I wanted to share my Givi cutting experience for others thinking about doing the same thing.
As has been discussed at length elsewhere, some people feel that the Givi is too tall (for various reasons that we don't need to go into again here). I installed the Givi last winter, and finally decided that I wanted it shorter. A couple of general suggestions that I would make to people considering this are:
1) Ride with it at the stock height for a while, in a variety of conditions, and make sure that you really want to cut it. There may be benefits to keeping it taller, try to have a pretty good idea of what you stand to gain (and loose) by cutting it down.
2) Don't cut too much off at once - it's cheap and relatively easy to take off more, but not cheap or easy to put it back (I jumped right in and had some regrets later).
I'm going to show how to do it with hand tools and the windshield still on the bike. It can be done with power tools and/or off the bike (if you have, please feel free to comment).
You'll need the following:
1) Masking or painter's tape (a lighter color is probably a little better)
2) A saw. I used this mini hacksaw and was very pleased with how it performed:
3) Some string
4) A pen
5) Sandpaper (I used 80 and 220 grit on my orbital sander and then some 800 or 1500 grit to wet-sand and finish it)
I don't show this in the pictures, but put a towel or something over the dash while cutting to keep things clean.
After you've decided how much you want to cut off, tape up both sides of the windshield, covering where you're going to make the cut plus enough on each side to protect it from the saw blade when you accidentally pull out of the cut and hit the windshield:
(I cut off about 4-4.5 inches in this pass - I would NOT recommend taking off that much at once...)
Now you need to trace out the curve for the top of the windshield. There are several options for this, one being to try to copy the original top down onto your tape. I tried this a couple of different ways, and wasn't satisfied with the results (part of the problem being that the width changes, so you end up free-handing parts of it). I then decided to trace out part of an ellipse, with horizontal major axis and foci where the "ears" join the rest of the windshield:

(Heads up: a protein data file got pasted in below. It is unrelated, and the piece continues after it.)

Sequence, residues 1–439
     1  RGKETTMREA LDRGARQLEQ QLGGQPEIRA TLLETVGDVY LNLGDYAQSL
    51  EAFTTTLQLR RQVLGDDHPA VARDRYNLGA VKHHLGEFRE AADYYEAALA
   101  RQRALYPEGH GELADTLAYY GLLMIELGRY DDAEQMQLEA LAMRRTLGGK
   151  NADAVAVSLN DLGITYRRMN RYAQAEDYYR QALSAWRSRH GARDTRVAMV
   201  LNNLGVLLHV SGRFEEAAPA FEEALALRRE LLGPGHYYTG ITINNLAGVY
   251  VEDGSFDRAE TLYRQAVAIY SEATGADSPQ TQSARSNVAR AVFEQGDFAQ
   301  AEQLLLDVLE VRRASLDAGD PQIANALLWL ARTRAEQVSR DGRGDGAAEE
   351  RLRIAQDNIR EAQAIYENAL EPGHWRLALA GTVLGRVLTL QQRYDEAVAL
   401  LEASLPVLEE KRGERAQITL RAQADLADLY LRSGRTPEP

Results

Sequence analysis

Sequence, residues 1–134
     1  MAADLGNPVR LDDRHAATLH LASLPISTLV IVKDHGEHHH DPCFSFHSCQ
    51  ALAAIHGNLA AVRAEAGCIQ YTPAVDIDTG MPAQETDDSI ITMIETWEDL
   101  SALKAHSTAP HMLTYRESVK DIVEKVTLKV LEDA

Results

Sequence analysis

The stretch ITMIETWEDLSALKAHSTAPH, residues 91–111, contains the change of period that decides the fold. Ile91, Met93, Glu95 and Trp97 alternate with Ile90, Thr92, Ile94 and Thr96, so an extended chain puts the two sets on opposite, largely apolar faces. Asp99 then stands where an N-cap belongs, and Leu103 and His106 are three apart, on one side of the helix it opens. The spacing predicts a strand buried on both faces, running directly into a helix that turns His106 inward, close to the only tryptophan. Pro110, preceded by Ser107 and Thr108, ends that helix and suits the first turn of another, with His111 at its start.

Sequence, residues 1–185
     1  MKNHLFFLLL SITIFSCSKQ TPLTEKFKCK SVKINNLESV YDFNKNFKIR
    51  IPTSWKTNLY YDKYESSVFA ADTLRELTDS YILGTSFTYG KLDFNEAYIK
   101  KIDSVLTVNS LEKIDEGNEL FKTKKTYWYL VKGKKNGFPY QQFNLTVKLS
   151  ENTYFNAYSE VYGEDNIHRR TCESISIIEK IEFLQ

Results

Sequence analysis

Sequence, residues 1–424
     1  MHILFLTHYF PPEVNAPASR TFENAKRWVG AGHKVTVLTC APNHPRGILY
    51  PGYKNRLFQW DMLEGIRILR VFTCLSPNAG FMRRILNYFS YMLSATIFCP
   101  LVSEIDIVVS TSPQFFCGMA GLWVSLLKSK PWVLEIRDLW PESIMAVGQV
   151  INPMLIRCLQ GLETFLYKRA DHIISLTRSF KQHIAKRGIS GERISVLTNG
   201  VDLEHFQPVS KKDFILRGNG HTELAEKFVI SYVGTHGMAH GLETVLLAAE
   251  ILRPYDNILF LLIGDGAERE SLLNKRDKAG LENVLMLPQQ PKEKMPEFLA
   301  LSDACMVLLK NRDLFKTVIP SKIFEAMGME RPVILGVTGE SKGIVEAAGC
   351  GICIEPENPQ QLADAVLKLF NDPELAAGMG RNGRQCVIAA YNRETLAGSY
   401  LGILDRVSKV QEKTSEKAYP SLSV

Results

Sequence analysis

(If your geometry is a bit rusty, here are some refresher links: http://mathworld.wolfram.com/Ellipse.html, http://planetmath.org/encyclopedia/Ellipse2.html, http://en.wikipedia.org/wiki/Ellipse).
Tape the string down at one of the foci, put your pen with the string wrapped around it in the middle of the windshield where you want the highest point to be, then tape down the string at the other foci:
(the pen isn't at the top but you can get the idea)
You can move things around to change the shape of the curve that you'll trace out, just make sure you can tape the string down securely and use symmetry to your advantage.
Keeping the string taunt, trace out your partial ellipse. Try to do it all in one or two passes and make a nice clean line - if you end up with several lines then it makes cutting more of a challenge later on. If you mess up, just re-tape the front and try again. You'll end up with something like this:
(This picture shows where I made a second cut. All told, I took off about 5-6 inches - probably a LOT more than most people will want to.)
Now just cut along the line. I found it was easier to control everything with the hacksaw blade installed "backwards" (cutting on the forward stroke). It also seemed to help to have some sort of lubricant on the blade (I used engine oil). Just take your time and make sure you're staying on the line. The cutting was fairly easy, and moved quickly (for hand tools) once I got going.
Once you finish the cut, smooth off the edges with sand paper. Do not remove the tape until you're done sanding! I started with 80 grit on my orbital sander and used that to shape the corners and round the edge a little, the changed to 220 grit on the orbital to get rid of the swirl marks left by the 80, and finally finished it off with an 800 or 1500 grit (not sure which) wet sand. The final result looks as good, if not better, than the factory edge.
Take off the tape, rinse off the plastic particles with plenty of water, and clean off any tape residue and fingerprints.
You can't see the edge very well, but here's a view after my first cut:
Overall, I'm very happy with the cut, although not quite as happy with how much I took off. I added a homemade Laminar lip/windshield extender to gain back some of the height, which I think is going to work out well, but I'll post on the separately once I've had a chance to ride with it a little more.